How do you live your life? How do you govern your behavior? Are you judgemental? Notice about what. Notice when the particular behaviors of others tweak you. Wonder why that is so. When we are tweaked into judging others, there’s something important to be learned about ourselves. It hinges on the practice of whatever religion you have deliberately or inadvertently chosen. What is your faith?
Many of us live our lives by what we learn in the church of materialism, for example. We subscribe to the doctrine of gain-at-all-costs when a slight shift toward a respect for abundance might yield a greater return on your faith investment. It’s not that having “stuff” is bad, it’s when that “stuff” is used as the metric to define your own worth that your weakness is revealed to be a strength in excess. In other words, “stuff” is fun to have around. But don’t let it define you. Don’t let Stuff=Worth become your religion.
My friend owns and lives in an old granite mill building by a river that was converted into multiple apartments many years ago. He was telling me about the slight cultural shift he’s noticed in the building.
A while back, he put a bench and tables by the river’s edge and noticed the tenants increasingly gathering there together in ways they hadn’t before. He found it meaningful. He attributed an overall neighborly shift in the building, which occurred over time, to choices like that and others which have a tendency to bring people together.
There are other aspects of my friend’s character which reveal a deep generosity and a love for other people. These qualities are natural to him. He has told me they were definitely not learned in the home. They are simply intrinsic to him.
It occurred to me that this was how he expressed his faith. With or without a conscious belief in God or Its nature, nor the rules for good behavior that we are meant to memorize and follow, my friend was good because it is fulfilling for him to be good in these ways.
That’s not to say he doesn’t revel in his streak of curmudgeon. He loves to occasionally feign a grumpy exterior. But the goodness of his heart is unmistakable and there should be more people like him. People who are unapologetic about the goodness they perform and need no higher guidance to tell them how or when to perform it. It has just become natural to them. That’s a good religion.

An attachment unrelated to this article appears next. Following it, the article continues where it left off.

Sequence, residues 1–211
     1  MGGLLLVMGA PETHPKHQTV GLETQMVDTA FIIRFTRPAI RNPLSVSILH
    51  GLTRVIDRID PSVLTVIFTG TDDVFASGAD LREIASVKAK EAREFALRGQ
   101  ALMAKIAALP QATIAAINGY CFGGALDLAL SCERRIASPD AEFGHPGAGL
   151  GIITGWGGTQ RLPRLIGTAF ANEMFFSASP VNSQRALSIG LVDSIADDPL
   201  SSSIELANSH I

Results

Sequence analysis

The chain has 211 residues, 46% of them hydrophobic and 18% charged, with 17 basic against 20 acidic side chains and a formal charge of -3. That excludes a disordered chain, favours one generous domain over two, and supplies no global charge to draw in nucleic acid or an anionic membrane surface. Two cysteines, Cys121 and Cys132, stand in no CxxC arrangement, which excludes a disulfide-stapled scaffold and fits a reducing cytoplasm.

After talking about it for a while, he described the overall philosophy simply as this: “Serenity is the measure.” It’s what motivated the bench and tables by the river. Serenity. It’s what motivates even the smallest of actions in the management of his building in favor of friendliness among the tenants. Peace. It’s what motivates his desire to be of service to the elderly across the street, even when he can’t quite figure out how. Inner satisfaction. Serenity is the measure.
Serenity is his religion. The inner doctrine he has written in favor of that outcome helps him make choices about how to be in relationship with the world. Serenity is his dharma, his rulebook.
That’s not to say he is any more or less perfect than the rest of us. I have highlighted his halo and wings here for a moment, but the rest of him is just as human. He struggles just as much with the implications of his faith as the rest of us.
But we should recognize the goodness we perform in the world and ask ourselves what motivates it. If we do good to simply feel good, that serenity is our measure. If we do good so that we won’t feel guilty, or so that we can make someone else happy, or so that we can prove something to someone, it won’t make you feel very good. It’s swimming upstream and will wear you out over time.
Let serenity be your measure. Seek a deep inner satisfaction in the goodness you perform. If you are part of an organized religion, notice the places in which it says to do just that and look for more of the same. If you have no religion at all and seek none, it’s OK. The same still applies. Notice your goodness and do more for the sake of it. Let that be your religion. Let it be well with your soul. That is the goal of any faith.